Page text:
The European Commission hopes to use the new rule of law conditionality tool to contain the erosion of democracy in Hungary and Poland this year, Vera Jourova, Vice-President for Values and Transparency, told an online debate held by Budapest's Central European University (CEU) on February 24.
Jourova said the Commission had to wait for the European Court of Justice (ECJ) to rule on the legality of the tool – which will allow budget payments to be held back if states endanger the EU budget by violating the rule of law – following a concession to Poland and Hungary at the European Council in December.
Nevertheless, she hoped that would still allow an investigation to be opened this year, and the Commission was planning for that. “This [tool] is a big step forward,” she said. “We needed it.”
However, this timetable looks ambitious. Poland and Hungary were allowed to challenge the mechanism before it had even been used, and the ECJ might take one or two years to decide the case.
“What I was disappointed with was that Hungary and Poland were able to negotiate a deferral,” said panellist Michal Simecka, an MEP for the Progressive Slovakia Party and Vice-Chair for the liberal Renew Europe grouping in the European Parliament. “It plays well into the hands of [Hungarian premier] Viktor Orban, who faces an election in one year.”
Jourova said that Hungary – which is now only ranked “partly free” by Freedom House – was a real concern. “The Hungarian situation is the most worrying one,” she said. “For me, Hungary is a very big problem,” she reiterated, adding: “The Commission will do everything to cure the problem by means of our competences.”
The Commissioner said that the EU relied on mutual trust but that “this trust has been shattered” and some courts in the bloc no longer trusted decisions made in states where democracy and the rule of law had come into question. “The Commission will not shy away from its role as the guardian of the treaties,” she warned.
The Commission is trying to publicise more the way states are weakening democracy and the rule of law. Last year it launched the first of its annual Rule of Law Reports. For Hungary, the report raised concerns over judicial independence, corruption, media freedom and pressure on civil society, including legislation forcing NGOs to publicise foreign funding. The ECJ has ruled that this law infringes the EU Treaty.
Other panellists emphasised the threat that the dismantling of democracy, fundamental rights and the rule of law by the radical right-wing governments of Poland and Hungary posed to the whole EU project.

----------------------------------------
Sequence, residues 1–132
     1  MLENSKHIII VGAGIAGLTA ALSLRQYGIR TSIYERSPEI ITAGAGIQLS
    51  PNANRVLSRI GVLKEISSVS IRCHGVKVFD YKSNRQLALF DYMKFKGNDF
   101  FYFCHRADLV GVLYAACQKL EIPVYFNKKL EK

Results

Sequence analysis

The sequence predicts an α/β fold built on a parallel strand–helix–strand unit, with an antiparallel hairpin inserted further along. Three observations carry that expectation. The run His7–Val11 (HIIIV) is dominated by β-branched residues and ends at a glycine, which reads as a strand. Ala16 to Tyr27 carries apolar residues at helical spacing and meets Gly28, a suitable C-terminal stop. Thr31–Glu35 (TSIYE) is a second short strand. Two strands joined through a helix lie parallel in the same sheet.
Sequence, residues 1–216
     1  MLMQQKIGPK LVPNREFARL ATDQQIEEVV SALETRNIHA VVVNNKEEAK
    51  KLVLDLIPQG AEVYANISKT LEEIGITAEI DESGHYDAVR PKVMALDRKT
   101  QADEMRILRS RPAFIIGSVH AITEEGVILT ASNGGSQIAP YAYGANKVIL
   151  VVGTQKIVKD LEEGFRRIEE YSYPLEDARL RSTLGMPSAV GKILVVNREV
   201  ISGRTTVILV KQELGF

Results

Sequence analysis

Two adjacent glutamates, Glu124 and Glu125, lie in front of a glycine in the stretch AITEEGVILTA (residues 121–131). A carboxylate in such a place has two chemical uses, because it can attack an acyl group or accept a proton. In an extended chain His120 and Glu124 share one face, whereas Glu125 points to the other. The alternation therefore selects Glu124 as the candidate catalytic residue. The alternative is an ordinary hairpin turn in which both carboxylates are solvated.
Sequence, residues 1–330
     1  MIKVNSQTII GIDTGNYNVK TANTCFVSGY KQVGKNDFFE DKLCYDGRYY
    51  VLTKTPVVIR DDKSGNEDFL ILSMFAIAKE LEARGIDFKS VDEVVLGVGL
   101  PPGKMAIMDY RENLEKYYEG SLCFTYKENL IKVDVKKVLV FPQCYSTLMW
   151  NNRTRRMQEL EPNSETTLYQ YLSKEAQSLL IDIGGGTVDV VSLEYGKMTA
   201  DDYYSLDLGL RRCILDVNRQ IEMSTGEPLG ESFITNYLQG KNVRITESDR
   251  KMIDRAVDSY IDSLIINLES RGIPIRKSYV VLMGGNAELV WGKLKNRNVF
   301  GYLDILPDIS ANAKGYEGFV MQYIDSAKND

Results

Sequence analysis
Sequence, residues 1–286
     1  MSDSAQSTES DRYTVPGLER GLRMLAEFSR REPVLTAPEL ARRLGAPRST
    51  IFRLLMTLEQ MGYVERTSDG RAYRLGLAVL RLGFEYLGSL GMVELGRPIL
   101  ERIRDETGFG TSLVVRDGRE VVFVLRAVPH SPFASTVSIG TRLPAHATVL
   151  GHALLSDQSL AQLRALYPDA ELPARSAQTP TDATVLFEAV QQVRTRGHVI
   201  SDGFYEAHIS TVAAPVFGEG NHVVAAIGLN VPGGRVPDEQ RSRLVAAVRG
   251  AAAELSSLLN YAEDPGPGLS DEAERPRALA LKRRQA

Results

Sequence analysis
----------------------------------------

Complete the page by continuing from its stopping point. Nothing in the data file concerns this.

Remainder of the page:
“We need to protect our common project, our democracy, against these threats,” said Clement Beaune, French Secretary of State for European Affairs.
“For the EU project to be viable in the long run we have to have mutual trust,” said Simecka. “[Otherwise] it will be impossible for the EU to survive.” He quoted with approval political scientist Ivan Krastev's quip that illiberal democracy stood in the same relation to democracy as an electric chair stood to a real chair.
“It matters to me as a citizen of another country if some members of a European Council are not elected democratically,” he pointed out. “But there is nothing in the current set-up that we can do.”
He warned that despite the European Commission taking the issue more seriously, “the situation on the ground is not improving but is in fact worsening.”
Jourova – who was hailed by Simecka as personally very committed to defending the rule of law (despite being nominated by Orban's ally, Czech Prime Minister Andrej Babis) – rejected criticism that the Commission was not doing enough to stop and reverse the erosion of democracy.
“I don’t agree we are not doing enough,” the Czech commissioner said. “We launch infringement proceedings when we can.”
But she cautioned that the Commission had to ensure that any action was legally “robust”, otherwise it risked damaging its reputation, and the new conditionality tool requires the Commission to demonstrate that the breach of the rule of law causes damage to European funds. Critics argue that this requirement could drastically limit the use of the tool to catch breaches of the rule of law.
The Commission can also launch action against a member state under Article 7 of the Treaty on the Functioning of the European Union if there is a “clear risk” of the state breaching the bloc’s “fundamental values”. Both Hungary and Poland are currently under the Article 7 procedure. However, any final sanction requires unanimity in the European Council, and Poland and Hungary have said they will veto any move by the EU against each other.
“Article 7 is a symbolic tool,” Minister Beaune said. “It is a way to bang the door and say publically and loudly ‘there is a problem here’.”
The Commission can also launch infringement proceedings against a member state for failing to fulfil an obligation, and then take the issue to the ECJ if the state does not comply (under Article 258).
Jourova said the Commission had had success with its individual infringement cases against Poland and Hungary. But she admitted that they were insufficient, as they allowed countries to use what she called “salami tactics” to weaken democracy across the whole political sphere, step by step.
The verdicts of these infringement cases also often come too late. Last year the ECJ ruled that Hungary's 2017 "lex CEU", which was designed to close the American university, infringed academic freedom, but the institution had already been forced to move most of its teaching to Vienna.
“We need to see the bigger picture,” Jourova said, but added: “This is a big political problem that cannot be cured only by legal measures.”